The relativistic fireball model assumes that the event which gives rise to a gamma-ray burst (GRB) deposits an energy into a small baryonic mass M, such that .Typically is assumed to be of order 102 to 103. After an initial acceleration phase, such a fireball reaches a "coasting" stage with Lorentz factor . The fireball drives a blast wave of Lorentz factor into the surrounding medium. The energy expended to shock the surrounding medium eventually decelerates the fireball; in the adiabatic case, the Lorentz factor of the blast wave then decreases with radius as (Rees & Mészáros 1992).
While the GRB emission itself may come from internal shocks (Rees & Mészáros 1994), the afterglow emission is generally thought to be due to electrons accelerated by the blast wave in its deceleration phase (e.g. Mészáros & Rees 1997; Vietri 1997). Fireball models of GRB afterglows (e.g. Sari et al. 1998) usually assume that these accelerated electrons have a power-law spectrum of unspecified index p. Waxman (1995) and Vietri (1995) also suggested that ultra-high-energy cosmic rays (UHECRs), with energies eV, might be accelerated in these relativistic fireballs. In particular, Vietri (1995) argued that in Fermi-type acceleration at an ultra-relativistic shock, a particle could have an energy gain per shock crossing cycle.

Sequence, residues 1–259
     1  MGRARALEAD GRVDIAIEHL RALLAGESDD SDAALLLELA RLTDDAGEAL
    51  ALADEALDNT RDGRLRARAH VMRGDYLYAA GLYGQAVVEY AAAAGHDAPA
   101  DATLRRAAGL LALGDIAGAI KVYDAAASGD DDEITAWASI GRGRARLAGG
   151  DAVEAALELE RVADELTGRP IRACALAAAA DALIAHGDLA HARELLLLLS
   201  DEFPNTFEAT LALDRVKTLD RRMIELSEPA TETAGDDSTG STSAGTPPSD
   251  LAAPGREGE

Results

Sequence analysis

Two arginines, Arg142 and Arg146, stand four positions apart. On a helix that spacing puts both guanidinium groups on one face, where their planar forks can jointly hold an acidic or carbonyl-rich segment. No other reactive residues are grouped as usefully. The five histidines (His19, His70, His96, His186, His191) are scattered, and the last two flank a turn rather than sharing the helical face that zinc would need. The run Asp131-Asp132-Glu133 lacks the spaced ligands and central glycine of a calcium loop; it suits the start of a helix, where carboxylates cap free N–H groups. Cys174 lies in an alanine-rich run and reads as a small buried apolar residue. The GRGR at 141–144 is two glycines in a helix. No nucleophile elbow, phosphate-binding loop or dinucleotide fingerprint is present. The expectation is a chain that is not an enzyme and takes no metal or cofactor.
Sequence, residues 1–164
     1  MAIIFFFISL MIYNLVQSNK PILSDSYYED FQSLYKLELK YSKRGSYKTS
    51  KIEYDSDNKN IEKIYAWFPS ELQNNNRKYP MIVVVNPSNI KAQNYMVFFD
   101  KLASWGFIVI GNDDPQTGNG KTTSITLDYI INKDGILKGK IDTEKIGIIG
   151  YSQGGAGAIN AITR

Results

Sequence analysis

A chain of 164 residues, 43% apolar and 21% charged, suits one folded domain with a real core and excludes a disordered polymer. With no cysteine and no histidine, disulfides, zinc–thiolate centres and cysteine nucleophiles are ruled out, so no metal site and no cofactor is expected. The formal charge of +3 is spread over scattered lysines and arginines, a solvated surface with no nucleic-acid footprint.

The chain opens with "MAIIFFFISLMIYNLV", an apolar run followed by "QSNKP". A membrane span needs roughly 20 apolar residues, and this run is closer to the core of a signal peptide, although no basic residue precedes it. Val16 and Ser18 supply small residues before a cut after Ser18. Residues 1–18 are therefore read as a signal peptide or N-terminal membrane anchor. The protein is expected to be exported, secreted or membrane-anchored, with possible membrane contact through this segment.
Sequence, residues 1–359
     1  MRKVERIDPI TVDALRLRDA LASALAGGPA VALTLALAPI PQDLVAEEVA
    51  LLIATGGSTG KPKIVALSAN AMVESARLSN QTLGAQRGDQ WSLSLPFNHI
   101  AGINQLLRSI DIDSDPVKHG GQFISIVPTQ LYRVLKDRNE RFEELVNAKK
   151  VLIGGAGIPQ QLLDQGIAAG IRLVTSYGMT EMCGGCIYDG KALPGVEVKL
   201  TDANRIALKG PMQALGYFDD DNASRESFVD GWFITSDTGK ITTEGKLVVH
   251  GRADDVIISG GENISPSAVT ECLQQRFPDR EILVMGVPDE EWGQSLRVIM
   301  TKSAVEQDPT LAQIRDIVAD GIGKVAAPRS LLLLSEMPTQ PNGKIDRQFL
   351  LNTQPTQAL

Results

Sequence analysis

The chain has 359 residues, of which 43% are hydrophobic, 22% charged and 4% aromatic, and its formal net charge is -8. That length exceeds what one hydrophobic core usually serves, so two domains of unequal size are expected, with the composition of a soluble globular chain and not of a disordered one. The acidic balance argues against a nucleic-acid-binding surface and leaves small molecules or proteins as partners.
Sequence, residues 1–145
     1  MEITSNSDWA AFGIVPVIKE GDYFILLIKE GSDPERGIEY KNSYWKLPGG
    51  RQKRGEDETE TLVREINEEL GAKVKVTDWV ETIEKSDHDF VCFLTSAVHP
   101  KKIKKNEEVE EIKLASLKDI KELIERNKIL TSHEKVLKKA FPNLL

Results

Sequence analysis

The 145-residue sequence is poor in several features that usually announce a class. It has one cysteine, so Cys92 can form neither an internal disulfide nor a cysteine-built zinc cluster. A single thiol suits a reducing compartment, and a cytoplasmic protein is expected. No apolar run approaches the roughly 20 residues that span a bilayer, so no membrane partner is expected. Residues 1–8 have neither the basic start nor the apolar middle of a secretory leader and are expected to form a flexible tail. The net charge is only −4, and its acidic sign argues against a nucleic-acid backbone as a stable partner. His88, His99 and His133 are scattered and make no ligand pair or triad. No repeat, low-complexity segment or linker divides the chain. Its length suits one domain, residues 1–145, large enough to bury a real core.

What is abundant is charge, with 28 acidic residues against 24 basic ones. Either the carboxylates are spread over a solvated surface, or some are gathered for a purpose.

Motivated by these considerations, we examine acceleration of the Fermi type at an ultra-relativistic shock in more detail, considering first the spectral index of the accelerated particles, and then the maximum energy attainable by this process.
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